Cardstock usually starts at 200gsm and can go up to around 400gsm. Cardstock closer to 200gsm will still be bendable but not floppy, it’s the kind of stuff used for magazine covers and high-quality flyers.
Cardstock with a gsm closer to 400 is more like business cards or invitations. It’s not very bendy. In fact, it’s liable to crack if you try to bend or fold it.
Now, while cardstock is preferable, it’s quite difficult to come across in sketchbook form. Usually, it is sold as a pack of loose cardstock or as individual sheets.
Our recommendation is to buy as thick a sketchpad as possible for practice and keep the cardstock for final pieces. It’ll save you money and be easier to organize.
When you’re looking for a practice sketchpad, try to go for something over 120gsm. Ideally, choose a pad that has anti-bleed paper as well.
The size of your paper really depends on the size of your project.
If you’re looking for a sketch pad or sketchbook, you’ll find that standard sizes like A4, A5, and A6 are most common. You can get A3 sketchbooks but they tend to be more expensive.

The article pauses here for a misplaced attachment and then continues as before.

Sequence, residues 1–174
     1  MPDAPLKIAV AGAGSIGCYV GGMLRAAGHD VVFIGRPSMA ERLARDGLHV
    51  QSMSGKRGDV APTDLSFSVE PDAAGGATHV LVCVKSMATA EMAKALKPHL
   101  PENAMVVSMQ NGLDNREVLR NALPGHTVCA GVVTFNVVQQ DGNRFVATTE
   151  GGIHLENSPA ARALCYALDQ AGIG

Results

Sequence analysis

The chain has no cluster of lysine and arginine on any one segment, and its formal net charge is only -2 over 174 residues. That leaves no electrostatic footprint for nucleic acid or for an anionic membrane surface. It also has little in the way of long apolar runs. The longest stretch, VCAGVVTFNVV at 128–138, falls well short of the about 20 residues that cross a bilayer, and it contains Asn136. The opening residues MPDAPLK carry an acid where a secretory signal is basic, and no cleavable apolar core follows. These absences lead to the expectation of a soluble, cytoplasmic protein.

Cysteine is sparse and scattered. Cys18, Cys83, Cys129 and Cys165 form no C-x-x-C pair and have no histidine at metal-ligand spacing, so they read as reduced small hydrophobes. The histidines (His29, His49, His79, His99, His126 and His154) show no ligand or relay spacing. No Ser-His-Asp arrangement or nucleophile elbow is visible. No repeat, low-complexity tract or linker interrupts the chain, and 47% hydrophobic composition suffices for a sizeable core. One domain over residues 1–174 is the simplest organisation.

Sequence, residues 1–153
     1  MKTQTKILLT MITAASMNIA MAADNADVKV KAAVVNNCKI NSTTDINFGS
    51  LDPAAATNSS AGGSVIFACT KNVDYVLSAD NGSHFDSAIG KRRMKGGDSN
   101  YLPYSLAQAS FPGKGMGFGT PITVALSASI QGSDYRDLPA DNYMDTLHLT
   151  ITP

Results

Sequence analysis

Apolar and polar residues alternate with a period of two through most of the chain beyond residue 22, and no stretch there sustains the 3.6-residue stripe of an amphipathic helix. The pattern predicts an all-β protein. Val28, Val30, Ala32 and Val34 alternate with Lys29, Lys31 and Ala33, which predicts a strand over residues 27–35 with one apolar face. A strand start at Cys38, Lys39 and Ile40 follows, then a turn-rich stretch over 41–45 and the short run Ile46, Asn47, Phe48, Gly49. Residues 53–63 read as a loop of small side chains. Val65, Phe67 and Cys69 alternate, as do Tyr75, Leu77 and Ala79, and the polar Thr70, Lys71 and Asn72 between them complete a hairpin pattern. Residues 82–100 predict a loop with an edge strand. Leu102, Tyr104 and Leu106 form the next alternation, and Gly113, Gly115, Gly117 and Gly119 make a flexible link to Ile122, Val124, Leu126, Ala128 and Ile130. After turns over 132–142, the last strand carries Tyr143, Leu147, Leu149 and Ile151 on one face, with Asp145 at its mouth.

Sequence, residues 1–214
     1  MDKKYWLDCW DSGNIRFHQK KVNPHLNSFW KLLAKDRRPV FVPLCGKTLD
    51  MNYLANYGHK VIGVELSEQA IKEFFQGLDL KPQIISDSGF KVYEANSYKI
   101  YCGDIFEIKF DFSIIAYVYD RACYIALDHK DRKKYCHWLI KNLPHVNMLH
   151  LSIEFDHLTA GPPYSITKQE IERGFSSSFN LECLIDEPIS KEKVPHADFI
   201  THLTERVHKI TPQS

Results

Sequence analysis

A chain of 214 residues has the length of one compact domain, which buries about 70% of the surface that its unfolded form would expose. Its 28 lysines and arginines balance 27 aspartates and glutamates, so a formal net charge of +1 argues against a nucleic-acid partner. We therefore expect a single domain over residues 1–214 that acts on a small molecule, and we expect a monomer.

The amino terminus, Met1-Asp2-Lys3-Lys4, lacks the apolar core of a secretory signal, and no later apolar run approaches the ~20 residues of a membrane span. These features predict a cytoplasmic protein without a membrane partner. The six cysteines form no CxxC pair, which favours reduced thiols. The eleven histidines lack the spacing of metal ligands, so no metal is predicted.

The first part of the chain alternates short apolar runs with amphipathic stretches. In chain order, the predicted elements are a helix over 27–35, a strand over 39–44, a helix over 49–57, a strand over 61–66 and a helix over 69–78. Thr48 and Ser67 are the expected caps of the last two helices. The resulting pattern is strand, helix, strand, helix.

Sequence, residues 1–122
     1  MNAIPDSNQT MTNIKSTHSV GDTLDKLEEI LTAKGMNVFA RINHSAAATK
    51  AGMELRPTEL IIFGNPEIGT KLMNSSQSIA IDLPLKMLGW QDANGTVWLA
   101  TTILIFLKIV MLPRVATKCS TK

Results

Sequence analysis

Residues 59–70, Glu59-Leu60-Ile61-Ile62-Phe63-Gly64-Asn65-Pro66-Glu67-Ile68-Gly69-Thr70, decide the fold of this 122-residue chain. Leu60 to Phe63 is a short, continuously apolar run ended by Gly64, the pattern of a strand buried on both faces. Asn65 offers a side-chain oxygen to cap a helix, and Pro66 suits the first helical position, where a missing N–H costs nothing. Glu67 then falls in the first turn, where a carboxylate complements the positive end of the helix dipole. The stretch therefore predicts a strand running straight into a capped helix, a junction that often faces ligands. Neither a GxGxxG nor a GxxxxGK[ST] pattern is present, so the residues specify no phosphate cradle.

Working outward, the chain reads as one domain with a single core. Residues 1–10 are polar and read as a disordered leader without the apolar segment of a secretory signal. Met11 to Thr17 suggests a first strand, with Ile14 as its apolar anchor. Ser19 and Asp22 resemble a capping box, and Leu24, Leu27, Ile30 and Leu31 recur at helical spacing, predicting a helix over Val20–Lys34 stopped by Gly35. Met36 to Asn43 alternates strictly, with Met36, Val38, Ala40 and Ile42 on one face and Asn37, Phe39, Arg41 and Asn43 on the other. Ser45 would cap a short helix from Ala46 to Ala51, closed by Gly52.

If you’re looking for packs of paper or cardstock, again, it’ll be a lot easier to find A4 or A5. A6 and A3 paper will be more difficult to find but not impossible.
Larger, oversized pieces of paper and cardstock can usually be bought from an art supplier or craft store. You may need to place an order with them if they don’t carry it in the store.
For smaller projects, like business card sized portraits, etc., you are better off cutting larger paper down to size.
As we’ve mentioned, you’ll have to decide whether you want a sketchbook or just a pack of paper. Either way, you’ll want to get the most for your money.
When you’re looking at books or packs of paper, divide the price between the number of sheets. This will give you the cost per sheet.
The cost per sheet is a much better indication of the price than the overall total.
You might be tempted by a $5 sketchbook over a $20 sketchbook, however, if the $5 book has 50 sheets, you’re actually paying 10c a page. The $20 sketchbook has 150 pages and works out at 7.5c a page.
Even though it’s more expensive, it’s actually better value to get the $20 book. It’ll last you longer too!
One thing to be wary of is the sheets vs page situation.
Sheets are counted as the physical bits of paper included in a book or pack.
A page is one side of a sheet. Therefore a sheet has 2 pages.
If a sketchbook or pack of paper is using the number of pages in the product description, you’ll want to half it. Especially if you’re working with alcohol markers.
Most of the time you can’t use both pages. Either because of bleeding or because you’ve made pressure marks with your pen or pencil.
Some paper will be marketed as anti-bleed or bleed proof paper. These papers tend to have more chalk in the pulp and are therefore more absorbent.